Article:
Nicola Sturgeon has said the “eyes of the world” will be on Scotland today as a minimum alcohol unit price is introduced for the first time.
The 50p-per-unit scheme was passed by MSPs five years ago but it was only given the go-ahead by the Supreme Court in November after a legal challenge by the Scotch Whisky Association was rejected.
Today, Scotland becomes the first country in the world to implement minimum unit pricing in an attempt to reduce the significant harm of strong, low cost alcohol. Thanks to all those who have stuck with us through the challenges. This public health policy will save lives.
— Nicola Sturgeon (@NicolaSturgeon) May 1, 2018
The move aims to tackle the damage caused by cheap, high strength alcohol, and research shows it could save 392 lives over the next five years.
It will mean that a pint of beer containing two units will have to cost at least £1, a nine-unit bottle of wine will be a minimum of £4.50, while a standard bottle of whisky must cost at least £14.
Health campaigners in the north and north-east have backed the initiative, with 110 people in Grampian dying in 2016 as a result of alcohol, the highest rate since 1979.
And calls are growing south of the border for England to follow Scotland’s lead on the issue.
Speaking during a visit to a hospital ward treating patients with chronic liver problems, Ms Sturgeon said: “I am extremely proud that the eyes of the world will once again be on Scotland with the introduction of this legislation.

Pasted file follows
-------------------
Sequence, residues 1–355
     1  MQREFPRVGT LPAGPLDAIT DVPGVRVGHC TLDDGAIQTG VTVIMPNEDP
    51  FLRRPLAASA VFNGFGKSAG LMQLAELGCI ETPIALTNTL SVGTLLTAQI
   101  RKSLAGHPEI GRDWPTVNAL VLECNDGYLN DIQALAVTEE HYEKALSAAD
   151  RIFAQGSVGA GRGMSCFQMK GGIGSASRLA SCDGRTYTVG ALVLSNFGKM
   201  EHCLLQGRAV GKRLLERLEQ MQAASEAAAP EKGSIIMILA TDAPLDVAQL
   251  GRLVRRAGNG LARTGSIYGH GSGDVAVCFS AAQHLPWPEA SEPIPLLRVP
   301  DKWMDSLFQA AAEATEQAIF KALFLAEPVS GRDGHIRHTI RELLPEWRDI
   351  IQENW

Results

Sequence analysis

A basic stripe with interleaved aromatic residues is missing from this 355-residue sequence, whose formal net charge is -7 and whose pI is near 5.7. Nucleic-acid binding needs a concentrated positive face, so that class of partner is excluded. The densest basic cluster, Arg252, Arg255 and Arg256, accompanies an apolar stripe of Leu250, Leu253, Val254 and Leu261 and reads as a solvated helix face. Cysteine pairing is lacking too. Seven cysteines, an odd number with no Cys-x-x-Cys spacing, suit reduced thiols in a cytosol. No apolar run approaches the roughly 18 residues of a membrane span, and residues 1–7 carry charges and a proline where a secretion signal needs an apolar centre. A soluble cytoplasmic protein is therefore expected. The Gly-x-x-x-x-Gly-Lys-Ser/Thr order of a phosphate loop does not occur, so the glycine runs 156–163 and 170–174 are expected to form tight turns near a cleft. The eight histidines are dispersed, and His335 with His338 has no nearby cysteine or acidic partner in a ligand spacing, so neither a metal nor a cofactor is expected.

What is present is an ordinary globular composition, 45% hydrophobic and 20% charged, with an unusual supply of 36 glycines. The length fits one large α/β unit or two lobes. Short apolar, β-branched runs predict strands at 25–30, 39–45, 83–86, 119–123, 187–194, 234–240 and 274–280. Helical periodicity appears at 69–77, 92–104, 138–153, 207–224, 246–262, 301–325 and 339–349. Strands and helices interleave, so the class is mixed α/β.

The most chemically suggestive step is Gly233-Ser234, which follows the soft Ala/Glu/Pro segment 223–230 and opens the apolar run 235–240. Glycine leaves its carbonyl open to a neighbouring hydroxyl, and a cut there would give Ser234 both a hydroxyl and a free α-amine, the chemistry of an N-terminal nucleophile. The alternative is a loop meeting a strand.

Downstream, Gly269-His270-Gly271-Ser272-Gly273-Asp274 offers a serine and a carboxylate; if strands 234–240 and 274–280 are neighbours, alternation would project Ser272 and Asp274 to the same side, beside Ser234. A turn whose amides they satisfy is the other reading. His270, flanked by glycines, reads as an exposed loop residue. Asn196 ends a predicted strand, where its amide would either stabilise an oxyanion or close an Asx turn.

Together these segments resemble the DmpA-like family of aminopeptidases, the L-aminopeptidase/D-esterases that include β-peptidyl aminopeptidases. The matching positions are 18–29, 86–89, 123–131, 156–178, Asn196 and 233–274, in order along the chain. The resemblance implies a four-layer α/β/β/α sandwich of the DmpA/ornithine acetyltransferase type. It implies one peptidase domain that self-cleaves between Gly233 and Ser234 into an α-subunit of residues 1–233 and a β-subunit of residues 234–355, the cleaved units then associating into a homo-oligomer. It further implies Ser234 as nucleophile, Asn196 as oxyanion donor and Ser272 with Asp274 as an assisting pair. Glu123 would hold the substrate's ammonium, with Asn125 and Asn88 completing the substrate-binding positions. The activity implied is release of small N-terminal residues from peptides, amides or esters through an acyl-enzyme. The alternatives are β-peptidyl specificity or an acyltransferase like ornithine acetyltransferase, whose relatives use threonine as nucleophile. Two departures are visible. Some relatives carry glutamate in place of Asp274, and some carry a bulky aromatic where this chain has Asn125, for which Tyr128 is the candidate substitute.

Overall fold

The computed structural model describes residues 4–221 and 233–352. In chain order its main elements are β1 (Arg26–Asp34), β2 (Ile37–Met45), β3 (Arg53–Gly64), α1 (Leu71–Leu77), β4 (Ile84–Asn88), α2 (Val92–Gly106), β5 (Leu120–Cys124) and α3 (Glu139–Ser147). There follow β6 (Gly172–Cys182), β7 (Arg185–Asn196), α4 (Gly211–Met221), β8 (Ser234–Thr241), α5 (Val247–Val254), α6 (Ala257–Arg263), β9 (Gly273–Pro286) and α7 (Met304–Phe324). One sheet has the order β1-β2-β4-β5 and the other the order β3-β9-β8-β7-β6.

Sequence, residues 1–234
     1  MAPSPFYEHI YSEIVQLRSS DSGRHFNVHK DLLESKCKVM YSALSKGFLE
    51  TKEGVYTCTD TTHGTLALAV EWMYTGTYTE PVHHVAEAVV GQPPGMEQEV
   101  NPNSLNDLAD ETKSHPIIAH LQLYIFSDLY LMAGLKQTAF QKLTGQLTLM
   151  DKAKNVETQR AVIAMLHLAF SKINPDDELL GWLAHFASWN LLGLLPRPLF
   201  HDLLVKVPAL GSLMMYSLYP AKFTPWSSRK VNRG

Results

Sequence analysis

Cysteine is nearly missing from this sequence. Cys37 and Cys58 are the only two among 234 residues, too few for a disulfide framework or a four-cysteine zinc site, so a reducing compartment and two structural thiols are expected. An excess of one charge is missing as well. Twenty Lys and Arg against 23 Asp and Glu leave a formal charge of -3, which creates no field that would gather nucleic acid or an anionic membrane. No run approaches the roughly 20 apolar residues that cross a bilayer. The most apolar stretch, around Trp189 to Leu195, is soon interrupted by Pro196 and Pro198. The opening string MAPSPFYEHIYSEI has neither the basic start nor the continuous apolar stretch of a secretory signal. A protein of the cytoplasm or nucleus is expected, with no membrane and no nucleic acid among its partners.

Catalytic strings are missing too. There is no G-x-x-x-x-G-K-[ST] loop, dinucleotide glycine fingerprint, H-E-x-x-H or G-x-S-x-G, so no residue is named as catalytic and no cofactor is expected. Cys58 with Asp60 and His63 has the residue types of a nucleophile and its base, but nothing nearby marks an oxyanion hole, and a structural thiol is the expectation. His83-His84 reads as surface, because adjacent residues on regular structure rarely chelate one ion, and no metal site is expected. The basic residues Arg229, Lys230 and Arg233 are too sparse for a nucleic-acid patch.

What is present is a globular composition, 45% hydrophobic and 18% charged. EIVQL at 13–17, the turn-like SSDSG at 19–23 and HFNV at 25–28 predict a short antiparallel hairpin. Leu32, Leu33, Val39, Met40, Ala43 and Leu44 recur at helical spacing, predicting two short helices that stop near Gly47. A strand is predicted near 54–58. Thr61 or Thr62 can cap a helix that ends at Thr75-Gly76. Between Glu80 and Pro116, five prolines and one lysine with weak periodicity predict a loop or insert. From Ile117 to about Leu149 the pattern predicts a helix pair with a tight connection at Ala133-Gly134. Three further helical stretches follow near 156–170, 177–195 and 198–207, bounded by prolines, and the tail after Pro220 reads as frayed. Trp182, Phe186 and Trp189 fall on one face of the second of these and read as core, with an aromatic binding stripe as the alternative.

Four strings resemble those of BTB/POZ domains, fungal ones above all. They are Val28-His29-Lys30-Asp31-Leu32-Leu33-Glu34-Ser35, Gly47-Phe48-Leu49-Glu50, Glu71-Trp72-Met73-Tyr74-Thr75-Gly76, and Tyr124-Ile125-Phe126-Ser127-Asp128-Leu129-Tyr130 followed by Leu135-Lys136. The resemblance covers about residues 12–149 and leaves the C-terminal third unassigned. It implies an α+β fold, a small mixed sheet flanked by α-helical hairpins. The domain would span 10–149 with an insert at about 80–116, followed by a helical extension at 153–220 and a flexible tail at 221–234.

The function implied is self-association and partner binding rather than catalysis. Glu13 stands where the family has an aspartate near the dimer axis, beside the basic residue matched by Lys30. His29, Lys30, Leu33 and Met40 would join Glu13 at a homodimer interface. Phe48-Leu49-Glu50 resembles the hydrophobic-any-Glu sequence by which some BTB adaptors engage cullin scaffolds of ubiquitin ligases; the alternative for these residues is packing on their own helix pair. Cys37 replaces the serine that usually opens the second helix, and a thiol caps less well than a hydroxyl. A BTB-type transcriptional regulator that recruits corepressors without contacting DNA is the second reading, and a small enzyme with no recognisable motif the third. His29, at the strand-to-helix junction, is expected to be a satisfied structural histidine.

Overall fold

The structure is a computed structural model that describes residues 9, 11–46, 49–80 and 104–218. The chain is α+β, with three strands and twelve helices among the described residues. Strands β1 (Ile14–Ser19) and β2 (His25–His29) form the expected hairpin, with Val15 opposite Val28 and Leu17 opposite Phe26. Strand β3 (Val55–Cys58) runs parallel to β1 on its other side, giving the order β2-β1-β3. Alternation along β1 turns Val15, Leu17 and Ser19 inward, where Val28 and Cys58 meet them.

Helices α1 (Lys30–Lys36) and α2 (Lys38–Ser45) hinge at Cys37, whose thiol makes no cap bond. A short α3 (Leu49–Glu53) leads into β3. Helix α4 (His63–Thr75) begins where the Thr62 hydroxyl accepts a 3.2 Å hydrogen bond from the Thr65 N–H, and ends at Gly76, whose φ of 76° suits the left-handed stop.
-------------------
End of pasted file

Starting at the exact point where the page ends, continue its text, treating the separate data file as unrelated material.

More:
“Our action is bold and it is brave, and shows once again that we are leading the way in introducing innovative solutions to public health challenges.”
Scottish Liberal Democrat leader Willie Rennie said the minimum price should be higher than 50p.
“While this legislation will help to discourage the misuse of alcohol, inflation eroded the value of the original minimum price during the years that this policy has been caught up in the courts,” he said.
“In light of this missed opportunity, the Scottish Government must keep a close eye on the impact this price makes and be open to raising it in future.”
Scottish Conservative shadow health secretary Miles Briggs said: “This is new territory and we need to analyse what effect this will have on consumer behaviour.
“That’s why the Scottish Conservatives supported the introduction of a sunset clause, so that if minimum pricing proves to be ineffective then it can be scrapped.”